[whatwg] Two propositions for the autofocus attribute
jonas at sicking.cc
Thu Apr 15 16:08:46 PDT 2010
On Thu, Apr 15, 2010 at 3:43 PM, Mounir Lamouri
<mounir.lamouri at gmail.com> wrote:
> At the moment, the autofocus attribute specification  is quite
> permissive: only one element should have the autofocus enabled in the
> document but each time an element with autofocus is inserted into the
> document, the UA should give it the focus. The UA can disable the
> autofocus request for some reasons like if the user is already typing
> into a document.
> As far as I know, the autofocus attribute has been introduced to
> autofocus a form field during the load process to prevent doing that in
> js and thus focusing an element after the load of the document.
> To better fulfill this need, I think we should add two rules for the
> autofocus attribute behavior:
> - only the first element with the autofocus attribute specified should
> get the focus. All other autofocus requests should be ignored. This is
> exactly the same for authors because they should not have more than one
> element with the autofocus attribute specified but that would be better
> for the user because it will prevent autofocus to move from a field to
Sorry to butt in, but I should clarify *why* this change is needed.
Consider the following document:
<input id=c1 autofocus>
...lots of content here...
<input id=c2 autofocus>
When the c1 element is inserted into the DOM, the UA focuses this
control. Later, when the c2 element is inserted into the DOM, the spec
currently states that the c2 element is the one that should be
autofocused as that is the last one with autofocus specified.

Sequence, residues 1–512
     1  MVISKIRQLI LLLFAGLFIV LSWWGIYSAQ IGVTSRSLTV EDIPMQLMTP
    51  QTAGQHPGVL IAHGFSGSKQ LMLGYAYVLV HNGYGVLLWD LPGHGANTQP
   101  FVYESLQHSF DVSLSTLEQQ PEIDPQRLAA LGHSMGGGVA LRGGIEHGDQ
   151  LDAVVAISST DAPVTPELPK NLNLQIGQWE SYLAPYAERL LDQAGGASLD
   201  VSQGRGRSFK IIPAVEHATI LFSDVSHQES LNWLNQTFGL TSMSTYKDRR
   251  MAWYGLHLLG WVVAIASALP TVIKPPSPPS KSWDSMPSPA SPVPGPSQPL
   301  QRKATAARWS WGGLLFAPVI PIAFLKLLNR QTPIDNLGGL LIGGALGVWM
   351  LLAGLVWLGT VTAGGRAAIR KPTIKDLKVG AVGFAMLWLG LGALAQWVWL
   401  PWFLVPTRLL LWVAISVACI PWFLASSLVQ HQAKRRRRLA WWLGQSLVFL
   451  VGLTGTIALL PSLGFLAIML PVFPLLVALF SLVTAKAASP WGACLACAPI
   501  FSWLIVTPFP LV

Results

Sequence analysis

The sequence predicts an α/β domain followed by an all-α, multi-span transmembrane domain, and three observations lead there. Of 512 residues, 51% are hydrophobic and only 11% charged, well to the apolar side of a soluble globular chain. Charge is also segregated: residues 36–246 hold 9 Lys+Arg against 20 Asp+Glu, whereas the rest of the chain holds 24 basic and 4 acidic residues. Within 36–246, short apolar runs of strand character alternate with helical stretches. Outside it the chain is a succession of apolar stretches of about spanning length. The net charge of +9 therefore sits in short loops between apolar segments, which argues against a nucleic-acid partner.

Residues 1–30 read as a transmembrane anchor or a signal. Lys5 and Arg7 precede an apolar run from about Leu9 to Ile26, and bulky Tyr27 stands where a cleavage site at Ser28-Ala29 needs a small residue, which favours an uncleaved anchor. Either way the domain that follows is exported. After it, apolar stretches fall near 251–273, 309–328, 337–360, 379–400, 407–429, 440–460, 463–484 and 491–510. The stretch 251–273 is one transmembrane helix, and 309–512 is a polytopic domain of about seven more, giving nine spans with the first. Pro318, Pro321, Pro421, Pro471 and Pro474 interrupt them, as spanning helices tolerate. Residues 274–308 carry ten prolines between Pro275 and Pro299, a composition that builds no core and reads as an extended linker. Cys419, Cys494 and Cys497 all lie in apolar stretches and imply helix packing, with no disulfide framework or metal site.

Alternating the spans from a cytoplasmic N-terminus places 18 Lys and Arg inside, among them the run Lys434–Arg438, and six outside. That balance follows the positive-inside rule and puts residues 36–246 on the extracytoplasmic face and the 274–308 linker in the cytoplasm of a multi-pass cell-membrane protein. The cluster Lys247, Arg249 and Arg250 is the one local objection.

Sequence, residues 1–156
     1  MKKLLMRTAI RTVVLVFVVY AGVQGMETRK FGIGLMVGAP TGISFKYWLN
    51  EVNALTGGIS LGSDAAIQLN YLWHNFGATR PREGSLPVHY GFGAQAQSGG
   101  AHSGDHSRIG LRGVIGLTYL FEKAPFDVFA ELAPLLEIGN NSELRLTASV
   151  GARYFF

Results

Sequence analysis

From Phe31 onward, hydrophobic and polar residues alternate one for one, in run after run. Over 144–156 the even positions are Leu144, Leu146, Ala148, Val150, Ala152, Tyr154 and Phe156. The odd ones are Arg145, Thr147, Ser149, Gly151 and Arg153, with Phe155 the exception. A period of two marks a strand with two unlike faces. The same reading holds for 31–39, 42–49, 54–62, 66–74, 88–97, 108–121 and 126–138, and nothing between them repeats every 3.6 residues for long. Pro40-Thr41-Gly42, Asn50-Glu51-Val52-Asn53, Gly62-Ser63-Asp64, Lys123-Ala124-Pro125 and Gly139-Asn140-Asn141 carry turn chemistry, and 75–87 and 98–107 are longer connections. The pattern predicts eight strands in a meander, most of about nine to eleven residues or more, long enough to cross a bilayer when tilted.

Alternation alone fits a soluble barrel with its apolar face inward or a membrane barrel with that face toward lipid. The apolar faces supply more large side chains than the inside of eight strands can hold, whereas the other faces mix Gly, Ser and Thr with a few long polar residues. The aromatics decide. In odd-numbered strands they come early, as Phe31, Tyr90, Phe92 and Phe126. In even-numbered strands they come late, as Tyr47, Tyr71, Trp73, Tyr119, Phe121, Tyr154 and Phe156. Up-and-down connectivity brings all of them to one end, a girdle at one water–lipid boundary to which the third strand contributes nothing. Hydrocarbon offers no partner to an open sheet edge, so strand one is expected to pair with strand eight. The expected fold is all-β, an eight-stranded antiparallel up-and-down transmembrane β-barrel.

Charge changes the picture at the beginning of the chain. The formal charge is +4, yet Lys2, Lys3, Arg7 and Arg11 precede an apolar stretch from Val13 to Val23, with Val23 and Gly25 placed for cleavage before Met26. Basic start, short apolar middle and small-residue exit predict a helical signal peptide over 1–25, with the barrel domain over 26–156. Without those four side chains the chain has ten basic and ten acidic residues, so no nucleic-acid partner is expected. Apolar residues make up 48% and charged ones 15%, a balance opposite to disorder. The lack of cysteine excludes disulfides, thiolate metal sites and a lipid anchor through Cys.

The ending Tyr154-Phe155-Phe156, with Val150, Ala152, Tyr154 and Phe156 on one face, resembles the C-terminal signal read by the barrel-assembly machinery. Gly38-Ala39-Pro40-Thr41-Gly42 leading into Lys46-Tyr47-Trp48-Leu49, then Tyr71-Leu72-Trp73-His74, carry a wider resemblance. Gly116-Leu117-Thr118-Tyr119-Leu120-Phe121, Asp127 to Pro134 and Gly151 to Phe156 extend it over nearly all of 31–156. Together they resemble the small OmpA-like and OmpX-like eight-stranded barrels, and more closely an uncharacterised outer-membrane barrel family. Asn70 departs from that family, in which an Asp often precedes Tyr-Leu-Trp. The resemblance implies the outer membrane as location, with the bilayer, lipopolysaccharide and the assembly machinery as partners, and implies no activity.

However the spec also makes the, IMHO good, recommendation to not
autofocus an element if the user is already interacting with some
other form control. The simplest way to implement this would be to not
honor the autofocus attribute if another form control already has
This is technically implementable. However it means that you have to
keep track of if c1 was focused due to the user clicking on c1 (or
otherwise navigate to, for example using the keyboard), or if it was
due to autofocus being specified.
But this isn't enough, as the user might have already started
interacting with c1 by typing into it. Technically, c1 could still
have been focused due to the autofocus, but if the user has started
interacting with it, then this doesn't really matter.
To make matters worse, the user might *just* be about to start
interacting with it, but haven't yet done so.
While we could deploy a bunch of heuristics, it seems much simpler to
just say that it is the *first* element with autofocus that should
receive focus. I can't think of any significant downsides with this.
I'd also like to ask for two clarifications:
First, the spec currently says:
"The autofocus content attribute allows the user to indicate that a
control is to be focused *as soon as the page is loaded*" (emphasis
However it then goes on to describe that the control should receive
focus as soon as it's inserted into the document. I would recommend
changing the emphasized part to say "as soon as it's inserted into the
Second, the only normative requirement that I can find is:
"Whenever an element with the autofocus attribute specified is
inserted into a document whose browsing context did not have the
sandboxed automatic features browsing context flag set when the
Document was created, the user agent should queue a task that checks
to see if the element is focusable, and if so, runs the focusing steps
for that element"
Nowhere in this does it restrict this to form controls. However the
spec only defines the 'autofocus' attribute as valid on form controls.
So I assume that the above requirement was intended to only apply to
form controls? Or should you be allowed to autofocus links?
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